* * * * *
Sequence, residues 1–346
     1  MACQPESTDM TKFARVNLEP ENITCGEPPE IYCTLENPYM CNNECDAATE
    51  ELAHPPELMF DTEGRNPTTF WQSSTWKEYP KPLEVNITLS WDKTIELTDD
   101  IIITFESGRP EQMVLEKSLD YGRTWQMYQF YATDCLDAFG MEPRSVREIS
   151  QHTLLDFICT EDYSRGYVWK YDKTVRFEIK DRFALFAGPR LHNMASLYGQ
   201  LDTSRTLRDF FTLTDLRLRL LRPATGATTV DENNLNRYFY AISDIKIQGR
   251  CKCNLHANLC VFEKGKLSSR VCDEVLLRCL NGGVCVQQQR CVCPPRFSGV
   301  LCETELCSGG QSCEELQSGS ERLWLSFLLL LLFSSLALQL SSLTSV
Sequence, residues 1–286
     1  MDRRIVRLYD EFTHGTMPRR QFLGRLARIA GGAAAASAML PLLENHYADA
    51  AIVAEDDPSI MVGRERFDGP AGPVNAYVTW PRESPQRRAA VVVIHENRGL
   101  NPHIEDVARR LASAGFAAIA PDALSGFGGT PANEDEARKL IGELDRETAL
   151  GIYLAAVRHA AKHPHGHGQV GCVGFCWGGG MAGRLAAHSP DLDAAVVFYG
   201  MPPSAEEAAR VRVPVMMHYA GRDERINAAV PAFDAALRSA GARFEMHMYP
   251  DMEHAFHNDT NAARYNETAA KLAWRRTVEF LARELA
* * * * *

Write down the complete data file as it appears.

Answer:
Sequence, residues 1–346
     1  MACQPESTDM TKFARVNLEP ENITCGEPPE IYCTLENPYM CNNECDAATE
    51  ELAHPPELMF DTEGRNPTTF WQSSTWKEYP KPLEVNITLS WDKTIELTDD
   101  IIITFESGRP EQMVLEKSLD YGRTWQMYQF YATDCLDAFG MEPRSVREIS
   151  QHTLLDFICT EDYSRGYVWK YDKTVRFEIK DRFALFAGPR LHNMASLYGQ
   201  LDTSRTLRDF FTLTDLRLRL LRPATGATTV DENNLNRYFY AISDIKIQGR
   251  CKCNLHANLC VFEKGKLSSR VCDEVLLRCL NGGVCVQQQR CVCPPRFSGV
   301  LCETELCSGG QSCEELQSGS ERLWLSFLLL LLFSSLALQL SSLTSV
Sequence, residues 1–286
     1  MDRRIVRLYD EFTHGTMPRR QFLGRLARIA GGAAAASAML PLLENHYADA
    51  AIVAEDDPSI MVGRERFDGP AGPVNAYVTW PRESPQRRAA VVVIHENRGL
   101  NPHIEDVARR LASAGFAAIA PDALSGFGGT PANEDEARKL IGELDRETAL
   151  GIYLAAVRHA AKHPHGHGQV GCVGFCWGGG MAGRLAAHSP DLDAAVVFYG
   201  MPPSAEEAAR VRVPVMMHYA GRDERINAAV PAFDAALRSA GARFEMHMYP
   251  DMEHAFHNDT NAARYNETAA KLAWRRTVEF LARELA